Building a Monumental Phurba at Drala Jong

“In the 20th Century, the renowned gTertön Sonam Zangpo Rinpoche prophesied that a large statue of either Padmasambhava, Shakyamuni Buddha, or a Monumental Phurba should be built in the West in order to bring auspicious circumstances, peace, and happiness to the planet.”

“In 1980, during an interview that took place in California, Kyabje Düd’jom Rinpoche told Chag’düd Tulku Rinpoche that Dorje Phurba would be especially helpful in removing obstacles to Vajrayana being established in the West.”

Vajrayana Buddhism is a vast system of methods which facilitate the discovery of one’s natural state. This natural state is one where human goodness, spacious presence, and communicative appreciation are discovered to be our essential nature. In everyday existence however, we fail to recognise this.

Vajrayana describes reality as the nondual dance of two seeming opposites: form & emptiness. In the understanding of Vajrayana, we are both existent and non-existent. Our dilemma lies in compulsively seeking solidity, permanence, separateness, continuity, and definition in order to feel safe. We flee their opposites: insubstantiality, impermanence, non-separateness, discontinuity, and lack of definition — because we feel that they negate existence. But because form and emptiness – existence and non-existence – cannot be separated, this activity is fruitless.

As long as we attempt to separate the form and emptiness qualities of experience, we limit human responsiveness to three modes: attraction, aversion, and indifference. If what is perceived comforts feelings of solidity, permanence, separateness, continuity, and definition – one will be attracted. If what is perceived generates feelings of insubstantiality, impermanence, non-separateness, discontinuity, and lack of definition – one will be averse and attempt to avoid it. If what is perceived does neither — one will be indifferent and ignore it.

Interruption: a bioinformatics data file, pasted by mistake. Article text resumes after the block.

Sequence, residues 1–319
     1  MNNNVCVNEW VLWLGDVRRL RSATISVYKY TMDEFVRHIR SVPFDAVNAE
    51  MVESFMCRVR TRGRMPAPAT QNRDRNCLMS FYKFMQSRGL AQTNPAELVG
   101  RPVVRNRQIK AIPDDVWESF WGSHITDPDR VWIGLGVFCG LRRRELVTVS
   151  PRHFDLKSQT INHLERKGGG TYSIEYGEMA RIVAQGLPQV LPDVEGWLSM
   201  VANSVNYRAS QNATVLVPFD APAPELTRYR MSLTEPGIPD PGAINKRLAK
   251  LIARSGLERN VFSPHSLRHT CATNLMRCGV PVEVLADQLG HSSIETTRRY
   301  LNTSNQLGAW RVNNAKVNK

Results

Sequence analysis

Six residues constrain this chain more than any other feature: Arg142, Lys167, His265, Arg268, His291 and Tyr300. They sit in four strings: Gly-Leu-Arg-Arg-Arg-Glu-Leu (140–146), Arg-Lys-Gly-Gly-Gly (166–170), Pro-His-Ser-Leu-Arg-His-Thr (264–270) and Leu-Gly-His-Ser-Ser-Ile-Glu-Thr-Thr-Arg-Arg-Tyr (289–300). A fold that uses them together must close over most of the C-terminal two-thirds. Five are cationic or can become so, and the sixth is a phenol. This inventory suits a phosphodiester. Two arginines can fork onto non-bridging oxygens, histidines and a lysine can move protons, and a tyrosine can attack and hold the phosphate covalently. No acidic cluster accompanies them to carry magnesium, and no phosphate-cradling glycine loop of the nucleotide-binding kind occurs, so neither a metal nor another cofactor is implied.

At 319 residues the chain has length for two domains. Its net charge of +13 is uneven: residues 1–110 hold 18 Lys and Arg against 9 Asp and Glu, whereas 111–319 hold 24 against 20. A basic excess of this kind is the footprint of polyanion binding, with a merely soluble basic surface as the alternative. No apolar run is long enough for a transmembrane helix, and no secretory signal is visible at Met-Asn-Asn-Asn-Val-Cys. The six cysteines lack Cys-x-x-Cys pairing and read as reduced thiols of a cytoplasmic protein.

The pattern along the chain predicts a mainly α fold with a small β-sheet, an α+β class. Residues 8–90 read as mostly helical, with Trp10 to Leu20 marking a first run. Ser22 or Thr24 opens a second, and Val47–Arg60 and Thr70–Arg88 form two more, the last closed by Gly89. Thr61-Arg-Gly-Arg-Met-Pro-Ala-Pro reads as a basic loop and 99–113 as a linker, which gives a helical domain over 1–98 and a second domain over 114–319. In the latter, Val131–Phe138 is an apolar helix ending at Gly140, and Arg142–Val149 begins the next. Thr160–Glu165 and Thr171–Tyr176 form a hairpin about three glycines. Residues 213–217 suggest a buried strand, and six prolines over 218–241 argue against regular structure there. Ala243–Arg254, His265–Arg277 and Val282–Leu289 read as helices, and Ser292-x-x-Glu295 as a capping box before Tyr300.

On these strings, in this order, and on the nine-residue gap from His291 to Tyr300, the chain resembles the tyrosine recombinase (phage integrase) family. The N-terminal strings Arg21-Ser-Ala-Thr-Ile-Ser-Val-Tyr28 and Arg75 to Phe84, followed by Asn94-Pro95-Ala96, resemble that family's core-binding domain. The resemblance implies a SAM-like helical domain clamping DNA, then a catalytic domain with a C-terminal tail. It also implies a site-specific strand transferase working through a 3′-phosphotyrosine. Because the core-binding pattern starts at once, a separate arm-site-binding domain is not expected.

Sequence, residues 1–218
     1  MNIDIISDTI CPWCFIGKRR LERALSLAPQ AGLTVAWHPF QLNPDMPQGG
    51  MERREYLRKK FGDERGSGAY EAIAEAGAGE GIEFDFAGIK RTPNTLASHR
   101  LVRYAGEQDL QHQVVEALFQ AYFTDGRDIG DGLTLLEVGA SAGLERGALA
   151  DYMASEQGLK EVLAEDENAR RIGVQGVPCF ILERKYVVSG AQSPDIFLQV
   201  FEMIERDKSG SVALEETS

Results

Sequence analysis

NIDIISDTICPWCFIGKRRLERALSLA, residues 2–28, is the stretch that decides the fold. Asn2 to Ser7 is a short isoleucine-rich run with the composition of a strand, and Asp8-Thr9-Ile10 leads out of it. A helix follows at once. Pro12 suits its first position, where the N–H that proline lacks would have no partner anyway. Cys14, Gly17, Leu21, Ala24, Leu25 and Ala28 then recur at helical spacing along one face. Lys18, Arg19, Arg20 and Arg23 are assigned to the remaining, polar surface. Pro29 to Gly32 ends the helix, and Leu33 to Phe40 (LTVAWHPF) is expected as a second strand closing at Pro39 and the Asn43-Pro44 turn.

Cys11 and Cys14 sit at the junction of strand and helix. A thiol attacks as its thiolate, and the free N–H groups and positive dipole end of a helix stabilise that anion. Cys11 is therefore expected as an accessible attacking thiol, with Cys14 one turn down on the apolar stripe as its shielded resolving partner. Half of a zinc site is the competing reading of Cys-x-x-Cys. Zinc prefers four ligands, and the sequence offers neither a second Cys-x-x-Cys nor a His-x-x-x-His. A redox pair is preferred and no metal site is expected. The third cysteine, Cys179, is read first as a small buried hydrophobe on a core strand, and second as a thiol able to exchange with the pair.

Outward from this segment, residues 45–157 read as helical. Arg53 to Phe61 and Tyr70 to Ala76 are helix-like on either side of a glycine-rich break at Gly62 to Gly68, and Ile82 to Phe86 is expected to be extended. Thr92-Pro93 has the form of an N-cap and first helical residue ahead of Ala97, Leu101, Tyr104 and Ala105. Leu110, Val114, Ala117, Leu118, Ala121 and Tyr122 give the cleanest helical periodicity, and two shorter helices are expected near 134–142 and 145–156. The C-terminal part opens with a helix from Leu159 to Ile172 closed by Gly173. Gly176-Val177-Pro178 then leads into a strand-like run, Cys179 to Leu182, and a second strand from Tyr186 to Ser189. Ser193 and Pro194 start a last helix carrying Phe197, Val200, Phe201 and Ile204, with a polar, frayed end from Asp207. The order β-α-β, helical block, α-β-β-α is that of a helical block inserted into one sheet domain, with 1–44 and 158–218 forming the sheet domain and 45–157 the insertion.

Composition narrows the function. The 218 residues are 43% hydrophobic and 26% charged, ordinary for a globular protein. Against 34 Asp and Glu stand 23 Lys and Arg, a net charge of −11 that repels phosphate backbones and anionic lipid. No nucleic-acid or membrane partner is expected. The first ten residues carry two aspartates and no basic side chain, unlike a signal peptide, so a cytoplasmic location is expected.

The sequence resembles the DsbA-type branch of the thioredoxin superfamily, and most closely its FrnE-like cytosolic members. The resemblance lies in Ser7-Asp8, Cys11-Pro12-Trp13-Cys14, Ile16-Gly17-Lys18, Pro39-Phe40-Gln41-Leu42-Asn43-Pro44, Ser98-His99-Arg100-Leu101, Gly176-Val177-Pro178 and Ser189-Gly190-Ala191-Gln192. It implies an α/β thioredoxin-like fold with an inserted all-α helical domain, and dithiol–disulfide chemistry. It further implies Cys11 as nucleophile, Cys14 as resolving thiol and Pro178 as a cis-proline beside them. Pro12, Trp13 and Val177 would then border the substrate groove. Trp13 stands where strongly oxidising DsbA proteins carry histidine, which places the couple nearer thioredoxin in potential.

When experience is characterised by attraction, aversion, and indifference one ‘goes around in circles’ – this is the Tibetan meaning of khorwa, better known in the West by its Sanskrit equivalent: samsara. Khorwa is a self-defeating process where one goes around in circles trying to find happiness yet unfailingly creating the causes of further unhappiness.

Wrathful imagery

All Buddhist teachings help us to understand this predicament — and apply remedies. The genius of Vajrayana however, lies in the capacity to use the energy of confusion against confusion itself. This was the awakened intention of Guru Rinpoche—Padmasambhava—the Buddha of the Tantras, and father of Vajrayana. It is said that the power of Guru Rinpoche’s legacy increases as the confusion of sentient beings intensifies.

Using the energy of confusion against itself is described as awakened activities. These awakened activities—Buddha-karmas—are increasingly energetic ways of interacting with dualistic derangement. The most forceful of these modes is the Buddha-karma of destruction. When all else fails – nondual intention is left with no alternative but to destroy confusion in order to facilitate liberation.

This is why Vajrayana is rife with wrathful imagery connected to the Buddha-karma of destruction: flames, corpses, bulging eyes, sacks of disease, severed heads, weapons of all shapes and sizes. Serene and smiling Buddhas are not the only portrayal of awakened intention – the powerful energy of the Buddha-karma of destruction is as valid a manifestation of nondual realisation as the serenity of peaceful Buddhas.  It is also more dynamic and direct.